This paper is available on arxiv under CC 4.0 license.

**Authors:**

(1) Ulysse Gazin, Universit´e Paris Cit´e and Sorbonne Universit´e, CNRS, Laboratoire de Probabilit´es, Statistique et Mod´elisation,

(2) Gilles Blanchard, Universit´e Paris Saclay, Institut Math´ematique d’Orsay,

(3) Etienne Roquain, Sorbonne Universit´e and Universit´e Paris Cit´e, CNRS, Laboratoire de Probabilit´es, Statistique et Mod´elisation.

## Table of Links

- Abstract & Introduction
- Main results
- Application to prediction intervals
- Application to novelty detection
- Conclusion, Acknowledgements and References
- Appendix A: Exact formulas for Pn,m
- Appendix B: Numerical bounds and templates
- Appendix C: Proof
- Appendix D: Explicit control of (16) for α=0
- Appendix E: Proof of Corollary 4.1
- Appendix F: The Simes inequality
- Appendix G: Uniform FDP bound for AdaDetect
- Appendix H: Additional experiments

## H Additional experiments

In this section, we provide experiments to illustrate the FDP confidence bounds for AdaDetect, as mentioned in Remark 4.2 and Section G.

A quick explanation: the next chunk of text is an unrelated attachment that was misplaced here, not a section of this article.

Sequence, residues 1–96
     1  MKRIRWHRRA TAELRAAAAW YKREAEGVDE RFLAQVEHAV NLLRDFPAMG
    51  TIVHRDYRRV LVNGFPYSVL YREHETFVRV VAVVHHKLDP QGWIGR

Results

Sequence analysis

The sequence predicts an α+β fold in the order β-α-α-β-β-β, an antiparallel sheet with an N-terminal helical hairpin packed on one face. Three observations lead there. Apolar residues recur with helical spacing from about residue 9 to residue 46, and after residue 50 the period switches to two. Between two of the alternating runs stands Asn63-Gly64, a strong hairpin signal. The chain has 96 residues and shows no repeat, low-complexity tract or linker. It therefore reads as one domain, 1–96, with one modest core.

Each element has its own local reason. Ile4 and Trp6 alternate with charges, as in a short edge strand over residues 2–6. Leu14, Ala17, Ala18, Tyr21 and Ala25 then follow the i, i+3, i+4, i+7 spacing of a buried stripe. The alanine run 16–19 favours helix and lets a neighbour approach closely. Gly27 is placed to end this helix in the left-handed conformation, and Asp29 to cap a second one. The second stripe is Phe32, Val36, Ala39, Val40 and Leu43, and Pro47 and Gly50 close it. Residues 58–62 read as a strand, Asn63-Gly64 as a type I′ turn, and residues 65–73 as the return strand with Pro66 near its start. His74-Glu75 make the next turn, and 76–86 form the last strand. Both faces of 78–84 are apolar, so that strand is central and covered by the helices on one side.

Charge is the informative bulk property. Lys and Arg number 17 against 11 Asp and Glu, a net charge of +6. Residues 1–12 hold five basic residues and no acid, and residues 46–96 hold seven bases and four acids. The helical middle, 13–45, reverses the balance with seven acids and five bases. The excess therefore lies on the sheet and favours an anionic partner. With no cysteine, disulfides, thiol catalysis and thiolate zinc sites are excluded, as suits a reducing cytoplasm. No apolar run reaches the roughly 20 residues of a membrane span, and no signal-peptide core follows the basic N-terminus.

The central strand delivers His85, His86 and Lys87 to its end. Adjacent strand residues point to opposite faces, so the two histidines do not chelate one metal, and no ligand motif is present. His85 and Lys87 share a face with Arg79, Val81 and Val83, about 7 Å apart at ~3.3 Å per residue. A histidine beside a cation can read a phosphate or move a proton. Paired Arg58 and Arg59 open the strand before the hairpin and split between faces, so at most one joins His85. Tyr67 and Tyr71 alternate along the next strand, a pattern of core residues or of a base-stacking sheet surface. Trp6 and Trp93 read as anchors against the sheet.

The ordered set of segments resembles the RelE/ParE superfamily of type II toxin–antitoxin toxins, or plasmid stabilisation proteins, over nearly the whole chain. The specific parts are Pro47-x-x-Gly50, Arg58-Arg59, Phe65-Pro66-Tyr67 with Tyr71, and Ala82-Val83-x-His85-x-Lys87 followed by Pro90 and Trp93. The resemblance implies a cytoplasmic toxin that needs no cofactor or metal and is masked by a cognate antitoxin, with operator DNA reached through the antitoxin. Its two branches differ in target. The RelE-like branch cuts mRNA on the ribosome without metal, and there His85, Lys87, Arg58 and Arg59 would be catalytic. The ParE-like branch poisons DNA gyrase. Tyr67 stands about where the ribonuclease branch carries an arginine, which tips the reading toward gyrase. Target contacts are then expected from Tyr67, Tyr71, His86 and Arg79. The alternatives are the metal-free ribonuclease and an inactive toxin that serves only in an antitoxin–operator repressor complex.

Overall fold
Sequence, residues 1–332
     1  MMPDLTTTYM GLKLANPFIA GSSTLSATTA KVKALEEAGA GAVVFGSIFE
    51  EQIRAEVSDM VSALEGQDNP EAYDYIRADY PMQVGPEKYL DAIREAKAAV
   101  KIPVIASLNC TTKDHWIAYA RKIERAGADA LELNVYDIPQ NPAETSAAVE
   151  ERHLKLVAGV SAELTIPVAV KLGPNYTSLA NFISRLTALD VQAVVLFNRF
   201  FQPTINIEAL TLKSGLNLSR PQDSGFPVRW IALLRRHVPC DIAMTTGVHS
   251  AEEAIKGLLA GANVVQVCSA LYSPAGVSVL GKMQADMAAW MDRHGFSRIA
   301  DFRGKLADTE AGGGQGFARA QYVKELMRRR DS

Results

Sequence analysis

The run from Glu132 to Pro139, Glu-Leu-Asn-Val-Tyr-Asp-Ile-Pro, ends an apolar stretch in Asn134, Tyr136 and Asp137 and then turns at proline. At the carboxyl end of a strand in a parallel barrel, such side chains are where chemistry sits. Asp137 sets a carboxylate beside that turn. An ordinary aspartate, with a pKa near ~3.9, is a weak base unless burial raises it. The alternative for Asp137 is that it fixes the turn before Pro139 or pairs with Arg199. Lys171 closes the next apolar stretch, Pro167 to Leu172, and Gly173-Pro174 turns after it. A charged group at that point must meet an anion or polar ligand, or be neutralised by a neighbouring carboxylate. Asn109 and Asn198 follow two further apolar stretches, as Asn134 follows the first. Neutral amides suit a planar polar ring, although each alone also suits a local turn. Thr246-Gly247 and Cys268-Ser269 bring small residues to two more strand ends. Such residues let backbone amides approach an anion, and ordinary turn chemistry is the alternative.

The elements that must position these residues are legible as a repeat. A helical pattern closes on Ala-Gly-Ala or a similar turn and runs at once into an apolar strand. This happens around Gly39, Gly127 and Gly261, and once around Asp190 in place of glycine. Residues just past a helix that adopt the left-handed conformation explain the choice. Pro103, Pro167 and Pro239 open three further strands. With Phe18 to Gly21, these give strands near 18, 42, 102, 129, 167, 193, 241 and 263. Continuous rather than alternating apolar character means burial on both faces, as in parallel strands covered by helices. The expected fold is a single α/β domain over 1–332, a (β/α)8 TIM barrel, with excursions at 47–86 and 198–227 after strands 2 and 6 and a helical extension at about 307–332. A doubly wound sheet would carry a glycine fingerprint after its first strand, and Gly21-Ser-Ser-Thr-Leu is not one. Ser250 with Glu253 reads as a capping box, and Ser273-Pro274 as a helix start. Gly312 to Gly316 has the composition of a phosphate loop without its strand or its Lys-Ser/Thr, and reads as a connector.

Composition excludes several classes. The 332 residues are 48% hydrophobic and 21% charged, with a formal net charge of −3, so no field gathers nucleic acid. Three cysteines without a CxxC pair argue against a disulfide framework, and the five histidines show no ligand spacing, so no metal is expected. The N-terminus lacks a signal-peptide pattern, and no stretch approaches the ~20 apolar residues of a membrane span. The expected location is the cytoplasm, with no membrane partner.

The two procedures used are of the AdaDetect type (48) but with two different score functions: the Random Forest classifier from Marandon et al. (2022) (adaptive score), and the one class classifier Isolation Forest as in Bates et al., 2023 (non adaptive score). The hyperparameters of these two machine learning algorithms are those given by Marandon (2022).

The FDP and the corresponding bounds are computed for the two procedures. The true discovery proportion is defined by

Following the numerical experiments of Marandon et al. (2022) and Bates et al. (2023), we consider the three different real data from OpenML dataset (Vanschoren et al., 2013) given in Table 1.

The results are displayed in Figure 6 for comparison of adaptive versus non-adaptive scores for the different FDP confidence bounds and the TDP. On Figure 7, we focus on the adaptive scores and corresponding FDP bounds only; we compare the effect (on the bounds) of demanding a more conservative error guarantee (δ = 0.05 versus δ = 0.2), as well as the effect of estimating m0 via (25) instead of just using the inequality (24) with ˆm0 = m.

The high-level conclusions are the following:

Table 1: Summary of datasets.

• using adaptive scores rather that non-adaptive ones results in a performance improvement (better true discovery proportion for the same target FDR level)

• estimating the estimator ˆm0 from (25) yields sharper bounds on the FDP and is therefore advantageous.